12 RATEMAKING AND APPEALS Insurance companies establish rates for premiums as a part of their underwriting process. They use loss costs established by the National Council on Compensation Insurance (NCCI). These loss costs are based on overall average losses, loss adjustment expenses and loss trends of all workers' compensation insurers in Colorado. The insurers also use expense multipliers based on operating expenses such as production costs, general expenses, taxes, licenses and fees, and profits, on top of the loss costs. These components (loss costs and expense multipliers) combined result in manual rates by classifications. These manual rates are generally applied to each $100 of payroll paid out by employers. Insurers classify employers by the type of business in which the employer engages. Rates are not established by individual jobs within a business. Experience modification factors developed by NCCI could result in credits or debits that are applied to the premium by the insurers. These factors are based on the loss experience of the individual employer. If you do not understand why your business was classified at a particular classification or rate or how your experience modification factor was calculated, talk to your agent or to someone in the underwriting department at your insurance company. If there is a disagreement with the agent or insurer on the classification assignment or experience modification factor, you may file a written notice with the Secretary of the Colorado Workers' Compensation Classification Appeals Board, 7220 W. Jefferson Ave., #310, Lakewood, CO 80235, within thirty (30) days after you have exhausted all appeal review procedures provided by your insurance company. The board will have a hearing on your dispute as soon as possible. You or your legal representative may appear before the board at the hearing. They will render a final written decision on your appeal. The board's decision will be final and not subject to appeal unless you provide written notice to the Commissioner of Insurance within thirty(30) days after the date of the board's decision. Send the written notice of appeal to the Commissioner of Insurance at 1560 Broadway, Suite 850, Denver, CO Page 8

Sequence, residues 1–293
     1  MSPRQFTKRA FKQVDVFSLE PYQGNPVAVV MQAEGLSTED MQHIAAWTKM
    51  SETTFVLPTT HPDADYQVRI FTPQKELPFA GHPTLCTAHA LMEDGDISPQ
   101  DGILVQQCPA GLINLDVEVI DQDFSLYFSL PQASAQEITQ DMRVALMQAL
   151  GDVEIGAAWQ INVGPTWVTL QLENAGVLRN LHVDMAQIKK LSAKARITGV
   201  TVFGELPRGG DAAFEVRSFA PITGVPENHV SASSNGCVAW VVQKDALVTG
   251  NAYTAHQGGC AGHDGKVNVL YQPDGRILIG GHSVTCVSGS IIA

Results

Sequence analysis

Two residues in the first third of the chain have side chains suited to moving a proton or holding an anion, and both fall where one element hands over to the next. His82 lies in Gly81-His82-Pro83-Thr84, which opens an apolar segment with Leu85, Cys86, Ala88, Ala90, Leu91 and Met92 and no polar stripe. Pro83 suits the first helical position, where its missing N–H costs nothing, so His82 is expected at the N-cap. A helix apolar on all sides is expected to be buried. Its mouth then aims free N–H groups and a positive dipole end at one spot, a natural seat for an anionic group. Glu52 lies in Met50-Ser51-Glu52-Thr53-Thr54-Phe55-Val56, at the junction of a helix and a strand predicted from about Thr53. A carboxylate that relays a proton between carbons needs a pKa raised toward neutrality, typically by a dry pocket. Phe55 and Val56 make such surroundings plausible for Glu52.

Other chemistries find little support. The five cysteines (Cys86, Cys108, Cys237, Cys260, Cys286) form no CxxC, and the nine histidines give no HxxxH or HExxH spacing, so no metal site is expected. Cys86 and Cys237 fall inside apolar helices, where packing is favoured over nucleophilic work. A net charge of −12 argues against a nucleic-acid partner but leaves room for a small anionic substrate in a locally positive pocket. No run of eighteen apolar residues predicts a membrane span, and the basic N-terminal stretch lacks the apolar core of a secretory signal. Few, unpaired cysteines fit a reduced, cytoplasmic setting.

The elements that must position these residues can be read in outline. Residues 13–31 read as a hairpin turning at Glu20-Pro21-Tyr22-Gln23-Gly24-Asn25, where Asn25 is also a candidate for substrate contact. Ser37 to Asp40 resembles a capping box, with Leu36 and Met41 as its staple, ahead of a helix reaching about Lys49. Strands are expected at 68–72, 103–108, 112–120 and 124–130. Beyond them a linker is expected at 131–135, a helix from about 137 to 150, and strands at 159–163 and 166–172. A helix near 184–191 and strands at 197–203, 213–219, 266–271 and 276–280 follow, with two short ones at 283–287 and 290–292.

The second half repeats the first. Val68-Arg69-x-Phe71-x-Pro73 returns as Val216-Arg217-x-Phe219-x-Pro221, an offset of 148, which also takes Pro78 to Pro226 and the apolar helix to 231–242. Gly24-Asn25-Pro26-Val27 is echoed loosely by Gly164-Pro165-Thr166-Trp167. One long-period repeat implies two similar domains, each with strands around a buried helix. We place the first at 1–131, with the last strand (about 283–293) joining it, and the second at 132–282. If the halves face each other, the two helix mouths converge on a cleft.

13 You may hold disputed premium amounts in abeyance during the appeal process. However, if you lose the appeal you must pay the disputed premium amount plus interest at the rate of 1% of such disputed amount per month. Such interest will accrue from the date of the premium rate increase to the date of payment. The Division of Workers' Compensation offers a Cost Containment Certification Program that can provide employers with a reduction in their premiums. See the "Cost Containment Certification" section later in this booklet for information. PENALTIES TO UNINSURED EMPLOYERS The Division of Workers' Compensation investigates all information received or discovered about employers who may be uninsured for workers' compensation. If an employer fails, neglects or refuses to obtain workers' compensation insurance as required by law, the Director of the Division is authorized to assess penalties of up to $ per day, not to exceed the amount of the premium, for a period of time that employers do not carry insurance. In addition, a cease and desist order may also be issued against the business to stop business operations until insurance is obtained. The Colorado Workers' Compensation Act does not provide a fund to cover the medical expenses or lost wages of employees injured while working for uninsured employers. Employers have sole responsibility to provide insurance. If unlawfully uninsured at the time of an injury, the employer must pay all statutory medical and disability benefits for the injured employee and an additional 50% of all temporary, permanent and disfigurement benefits for having been uninsured. Page 9